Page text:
What to Do & Know if You Are in an Auto Accident (Includes a Checklist Everyone Should Print Out)
Every year, there are more than 6 million car accidents in
the United States, and knowing what to do if you are involved
in one of them is essential to your safety -- both physically
If you're involved in an auto accident, pull out of
harm's way and call the police immediately.
When the Accident Occurs
The first thing you should do is stop. Each state has their
own penalties for fleeing the scene of an accident, but if
you don't stop you could be later charged with a "hit
Next, assess the scene with safety in mind. If the accident
is minor and no one is seriously injured, pull the car to
the side of the road, out of the way of traffic.
If people are hurt, do your best to help them. Call the police
and tell them you need an ambulance. If you have first-aid
training, administer it, but if not, don't move someone who
is injured, as you could make their injuries worse. The exception
here is if staying put will harm the person further (such
as a car fire) -- then move them away from the danger.
You should always call the police, no matter how minor the
accident. The police will fill out an accident report, which
is essential to protecting your rights later -- particularly
if you're involved in an accident with an uninsured motorist.
Make sure that you turn your hazard lights on to let traffic
know that there has been an accident. You may also want to
set out flares or put the hood on your car up to alert others.
If you don't attempt to warn other drivers of the accident,
you could be liable for damage to their vehicles.
Meanwhile, stay calm. Do not argue with or yell at the other
driver, as anything you say could later be held against you.
Do not say that the accident was your fault or admit any type
of responsibility to witnesses or others involved in the accident.
You should wait for the police to come, and only discuss the
accident with the police and your insurance agent.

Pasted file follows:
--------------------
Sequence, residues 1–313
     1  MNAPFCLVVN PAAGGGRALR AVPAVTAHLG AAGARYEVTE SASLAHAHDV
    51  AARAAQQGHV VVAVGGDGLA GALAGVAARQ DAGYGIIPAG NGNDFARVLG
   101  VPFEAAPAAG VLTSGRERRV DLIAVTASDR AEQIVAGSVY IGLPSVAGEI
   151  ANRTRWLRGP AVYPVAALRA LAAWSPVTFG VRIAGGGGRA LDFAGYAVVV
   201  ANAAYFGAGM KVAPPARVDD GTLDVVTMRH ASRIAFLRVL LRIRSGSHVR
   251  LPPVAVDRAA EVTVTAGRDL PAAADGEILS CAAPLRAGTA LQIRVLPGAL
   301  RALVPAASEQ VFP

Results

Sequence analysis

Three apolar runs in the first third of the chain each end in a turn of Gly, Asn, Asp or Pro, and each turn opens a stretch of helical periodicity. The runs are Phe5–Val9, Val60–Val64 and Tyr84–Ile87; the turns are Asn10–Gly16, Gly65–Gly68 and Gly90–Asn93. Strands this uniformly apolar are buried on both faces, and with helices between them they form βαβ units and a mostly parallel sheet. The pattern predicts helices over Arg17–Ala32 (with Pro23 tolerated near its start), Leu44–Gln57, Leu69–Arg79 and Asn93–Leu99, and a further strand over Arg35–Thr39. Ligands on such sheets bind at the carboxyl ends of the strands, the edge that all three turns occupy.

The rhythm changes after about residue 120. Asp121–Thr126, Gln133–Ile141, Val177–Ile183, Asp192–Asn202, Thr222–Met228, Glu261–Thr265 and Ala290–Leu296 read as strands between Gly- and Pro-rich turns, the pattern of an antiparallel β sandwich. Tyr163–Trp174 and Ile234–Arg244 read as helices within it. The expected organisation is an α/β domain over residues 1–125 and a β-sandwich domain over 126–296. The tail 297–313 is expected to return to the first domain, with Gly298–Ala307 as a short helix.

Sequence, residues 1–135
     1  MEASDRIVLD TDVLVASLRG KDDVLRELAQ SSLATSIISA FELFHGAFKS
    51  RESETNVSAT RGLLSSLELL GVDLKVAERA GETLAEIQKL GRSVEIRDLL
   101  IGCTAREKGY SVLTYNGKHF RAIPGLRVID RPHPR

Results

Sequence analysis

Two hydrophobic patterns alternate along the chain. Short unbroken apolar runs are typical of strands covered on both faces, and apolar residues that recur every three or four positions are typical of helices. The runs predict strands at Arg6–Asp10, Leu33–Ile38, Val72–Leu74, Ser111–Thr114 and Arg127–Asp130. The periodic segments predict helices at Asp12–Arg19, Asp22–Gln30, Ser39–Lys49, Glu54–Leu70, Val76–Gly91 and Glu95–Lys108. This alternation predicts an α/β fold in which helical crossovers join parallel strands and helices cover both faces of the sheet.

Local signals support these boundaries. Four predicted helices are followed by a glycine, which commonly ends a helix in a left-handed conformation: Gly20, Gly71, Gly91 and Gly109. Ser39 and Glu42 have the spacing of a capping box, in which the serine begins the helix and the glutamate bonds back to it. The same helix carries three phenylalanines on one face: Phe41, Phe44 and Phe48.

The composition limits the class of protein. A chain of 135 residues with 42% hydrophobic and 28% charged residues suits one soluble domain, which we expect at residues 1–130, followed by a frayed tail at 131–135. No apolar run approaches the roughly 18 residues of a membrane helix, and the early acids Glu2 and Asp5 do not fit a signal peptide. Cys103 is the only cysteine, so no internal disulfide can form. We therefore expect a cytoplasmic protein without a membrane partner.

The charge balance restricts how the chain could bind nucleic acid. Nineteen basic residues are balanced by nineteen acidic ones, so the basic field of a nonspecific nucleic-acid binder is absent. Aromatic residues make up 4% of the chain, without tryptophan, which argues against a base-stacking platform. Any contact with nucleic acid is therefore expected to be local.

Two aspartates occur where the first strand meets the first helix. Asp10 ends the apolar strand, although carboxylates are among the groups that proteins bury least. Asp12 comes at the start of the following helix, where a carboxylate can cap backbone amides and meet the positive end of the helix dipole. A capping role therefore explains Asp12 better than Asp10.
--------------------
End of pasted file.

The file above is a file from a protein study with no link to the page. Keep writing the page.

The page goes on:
Get the Right Information
Although you will likely be shaken up immediately following
an accident, it's essential to make a note of the following
Names, addresses, and phone numbers of everyone involved
in the accident.
A description of the car involved (make, model, year,
License plate number of the other car.
Vehicle identification number of the other car.
Insurance company, policy number and driver's license
number of the other driver.
The name of the car's owner (if other than the driver).
The exact location of the collision and how it happened.
Damage to all vehicles, and time and date of the accident
(you may even want to draw a quick sketch of how the cars
ended up on the road).
Names and addresses of witnesses to the accident.
Call Your Insurance Agent
After you have spoken with the police and an accident report
has been filed, you should call your insurance agent, as soon
as possible. The sooner you do this, the sooner your agent
can begin processing your claim. Further, if you delay reporting
the accident, if could affect your coverage. Some states also
require that you report the accident to the Department of
After the Accident
You and your passengers may wish to get a check-up with a
doctor if you suspect you may be injured. Injuries from vehicle
accidents do not always show up immediately. Certain circumstances
may also warrant you calling a personal injury lawyer, to
discuss your rights and entitlements or your liability in
When to Call a Lawyer
Most people like to resolve things as quickly and as simply
as possible, but there are times when calling a lawyer is
beneficial and even necessary. These include:
If a claim is made against you that exceeds your insurance
To recover medical expenses or other losses that exceed
a certain amount of money (depending on state).
To recover compensation for pain and suffering for a
To recover compensation for a death.
To recover compensation from an uninsured driver.
An auto accident can take a mental, physical and emotional
toll on everyone involved. To make the roads safer for everyone,
drive courteously and alertly, and, if you like, check out
these safe driving tips from the State of Illinois' "Rules
of the Road."
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